The important energy strategy of Japan was “Sun-Shine Project”, where the cost reduction of photovoltaic module from 200$/W to 1$/W was successfully realized for 40 years. Then, the Council for Science, Technology and Innovation of Japan has just started the “NESTI 2050 Project” for meeting the “2ºC target” referred in COP21. For reducing the global GHG emissions to about 24 billion tons per year by 2050, it is essential to promote innovation for drastically reducing worldwide emissions by about 30 billion tons.
In NESTI 2050, the following target technology fields has been identified. (1)Energy System Integration Technologies with Core Technologies for Systems (Network ICT and Optimization by AI, big data & IoT with next generation Power Electronics, Innovative Sensors and Superconductivity.), (2)Production Process (Membrane Separation), (3)Structural Material (Ultralight), (4)Storage Battery (Metal-Air Batteries), (5)Hydrogen, (6)Photovoltaic, (7)Geo-Thermal (Supercritical Geo-thermal) and (8)Capture and Effective Usage of Carbon Dioxide.
Laura Diaz AnadonCV View and Download Presentation
University Lecturer (tenured assistant professor) in Public Policy, Department of Politics and International Studies, University of Cambridge
New evidence on public energy R&D policy design and the importance of private sector interaction
The design of public energy R&D investment portfolios, funding mechanisms, and performing organizations to meet societal challenges is receiving well-deserved attention at the national and international levels. The combination of recent research, made possible by the integration of disparate disciplines and the availability of new more comprehensive types of data, and of insights from the study of technological innovation is beginning to provide more evidence to support the design of such policies. This presentation will summarize findings on integrated R&D portfolio analysis, some of the outcomes associated with different types of energy R&D partners and partnerships, and public R&D organizations.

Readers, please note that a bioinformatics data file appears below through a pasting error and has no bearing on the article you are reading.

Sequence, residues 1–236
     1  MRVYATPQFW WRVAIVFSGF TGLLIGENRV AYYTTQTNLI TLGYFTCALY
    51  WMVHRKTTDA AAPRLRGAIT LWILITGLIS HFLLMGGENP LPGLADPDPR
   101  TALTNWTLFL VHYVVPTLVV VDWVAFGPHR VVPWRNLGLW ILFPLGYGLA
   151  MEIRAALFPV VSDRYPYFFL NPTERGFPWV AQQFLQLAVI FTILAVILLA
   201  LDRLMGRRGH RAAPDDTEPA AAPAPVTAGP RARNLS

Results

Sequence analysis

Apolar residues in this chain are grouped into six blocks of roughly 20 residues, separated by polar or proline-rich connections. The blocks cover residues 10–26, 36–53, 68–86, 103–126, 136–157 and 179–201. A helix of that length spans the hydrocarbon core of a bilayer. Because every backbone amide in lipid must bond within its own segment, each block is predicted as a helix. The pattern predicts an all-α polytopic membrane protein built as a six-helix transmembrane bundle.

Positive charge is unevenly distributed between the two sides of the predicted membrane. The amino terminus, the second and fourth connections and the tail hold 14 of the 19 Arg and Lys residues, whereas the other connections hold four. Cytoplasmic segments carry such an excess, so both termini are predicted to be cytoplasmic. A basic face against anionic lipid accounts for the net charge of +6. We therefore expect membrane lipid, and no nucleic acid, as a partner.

Chad EvansCVView and Download Presentation
Executive Vice President, Council on Competitiveness
Leveraging the Innovation Ecosystem for a Clean Energy Transformation:
The Role of Public-Private Partnerships
Recognizing a unique opportunity in history to transform the energy landscape, the United States and other nations are increasing investment and leveraging their innovation ecosystems to develop and deploy clean energy technologies and ways to increase energy efficiency. Public-private partnerships play a central role in these advancements, through a range of evolving models of collaboration in R&D, demonstration, deployment and manufacturing, with government, industry and academia playing distinctive roles. For more than a decade, the Council on Competitiveness—a U.S. leadership organization of corporate CEOs, university presidents, labor leaders and national laboratory directors—has defined the nexus between energy and competitiveness, articulated the business case for clean energy innovation and energy efficiency, convened national dialogues on how to accelerate energy innovation and encouraged new partnership models for energy transformation. These efforts have contributed significantly to shaping national and state government clean energy agenda, and sparked action in the private sector.